Resolutions in Context

Considering the Past & Resolving for 2015.

Yes, here I go again. My life revolves around self-examination and reflection, desires and ambitions – all of it very conceptual. These endeavors aim at accomplishing something of greater than ordinary importance even though I know by now – the year in which I turn 75 – that I seldom achieve what I set out to do.

I am always looking for context and how I might fit in or differ from what is ostensibly going on around me. Coincidentally as I went about my annual mulling of time and the attempts it offers us, Parade, the Sunday supplement (January 4, 2015) came to the door. This issue features the talkers on the Today Show as though I am supposed to know them, but I do not. Firstly, I do not watch commercial television and have no time for what is “popular.” I have seen spots of Today when someone else is running it at Snap Fitness or in the Toyota of Maplewood service waiting room. Normally, I am focused at that time of day on one of my endless projects and turn my attention elsewhere.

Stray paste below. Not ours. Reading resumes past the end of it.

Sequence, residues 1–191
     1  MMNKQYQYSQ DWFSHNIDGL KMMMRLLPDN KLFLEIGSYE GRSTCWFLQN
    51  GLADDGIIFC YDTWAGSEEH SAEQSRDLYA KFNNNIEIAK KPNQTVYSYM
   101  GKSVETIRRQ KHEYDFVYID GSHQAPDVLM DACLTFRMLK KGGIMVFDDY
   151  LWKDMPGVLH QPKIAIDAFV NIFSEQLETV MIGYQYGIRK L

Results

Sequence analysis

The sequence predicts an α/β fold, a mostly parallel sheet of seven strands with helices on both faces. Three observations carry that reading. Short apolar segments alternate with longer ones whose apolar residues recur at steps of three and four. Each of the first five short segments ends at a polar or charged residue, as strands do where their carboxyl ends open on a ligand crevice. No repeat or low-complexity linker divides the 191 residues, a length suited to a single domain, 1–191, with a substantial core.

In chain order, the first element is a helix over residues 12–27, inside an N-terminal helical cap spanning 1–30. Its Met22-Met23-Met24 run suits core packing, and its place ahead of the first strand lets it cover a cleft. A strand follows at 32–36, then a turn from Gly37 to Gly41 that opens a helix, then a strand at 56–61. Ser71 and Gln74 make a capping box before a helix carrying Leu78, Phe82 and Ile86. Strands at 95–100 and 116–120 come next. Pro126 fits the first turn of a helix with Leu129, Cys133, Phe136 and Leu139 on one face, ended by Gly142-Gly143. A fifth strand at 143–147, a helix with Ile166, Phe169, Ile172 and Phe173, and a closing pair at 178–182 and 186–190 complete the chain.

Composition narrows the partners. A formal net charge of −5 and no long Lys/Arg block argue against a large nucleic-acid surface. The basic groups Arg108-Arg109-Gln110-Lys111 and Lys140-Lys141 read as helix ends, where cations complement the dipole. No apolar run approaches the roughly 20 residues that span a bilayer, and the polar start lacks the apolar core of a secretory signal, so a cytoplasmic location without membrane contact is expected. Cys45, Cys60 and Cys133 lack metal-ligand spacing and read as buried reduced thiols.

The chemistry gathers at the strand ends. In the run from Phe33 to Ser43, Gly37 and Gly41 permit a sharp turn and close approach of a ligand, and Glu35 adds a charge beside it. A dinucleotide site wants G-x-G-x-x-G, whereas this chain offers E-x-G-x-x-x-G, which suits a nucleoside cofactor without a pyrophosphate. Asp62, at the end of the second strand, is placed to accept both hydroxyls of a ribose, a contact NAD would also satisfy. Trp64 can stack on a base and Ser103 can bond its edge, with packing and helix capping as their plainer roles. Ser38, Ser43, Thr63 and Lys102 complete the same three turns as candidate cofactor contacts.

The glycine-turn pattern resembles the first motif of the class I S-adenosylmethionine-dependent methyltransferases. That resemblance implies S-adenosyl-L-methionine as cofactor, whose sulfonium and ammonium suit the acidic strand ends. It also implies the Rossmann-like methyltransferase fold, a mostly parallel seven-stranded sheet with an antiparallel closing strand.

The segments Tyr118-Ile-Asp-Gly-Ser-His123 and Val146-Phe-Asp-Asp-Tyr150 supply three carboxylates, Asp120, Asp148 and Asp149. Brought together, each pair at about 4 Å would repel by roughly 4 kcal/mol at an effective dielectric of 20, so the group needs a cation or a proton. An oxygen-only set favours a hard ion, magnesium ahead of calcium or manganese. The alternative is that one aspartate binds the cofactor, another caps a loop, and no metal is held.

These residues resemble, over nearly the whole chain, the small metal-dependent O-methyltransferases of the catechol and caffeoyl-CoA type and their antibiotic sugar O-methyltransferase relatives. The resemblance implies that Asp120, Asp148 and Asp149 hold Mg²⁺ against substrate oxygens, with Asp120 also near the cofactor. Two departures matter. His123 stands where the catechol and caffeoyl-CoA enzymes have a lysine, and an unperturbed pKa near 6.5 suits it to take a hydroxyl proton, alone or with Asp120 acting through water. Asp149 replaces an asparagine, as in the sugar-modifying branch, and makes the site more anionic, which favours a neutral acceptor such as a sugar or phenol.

Nevertheless, here fell another chance to checkup on myself for comparison’s sake. Today’s people offer their thoughts on resolutions, expressed in positive terms (“Do” this) and negative ones (“Don’t” do that).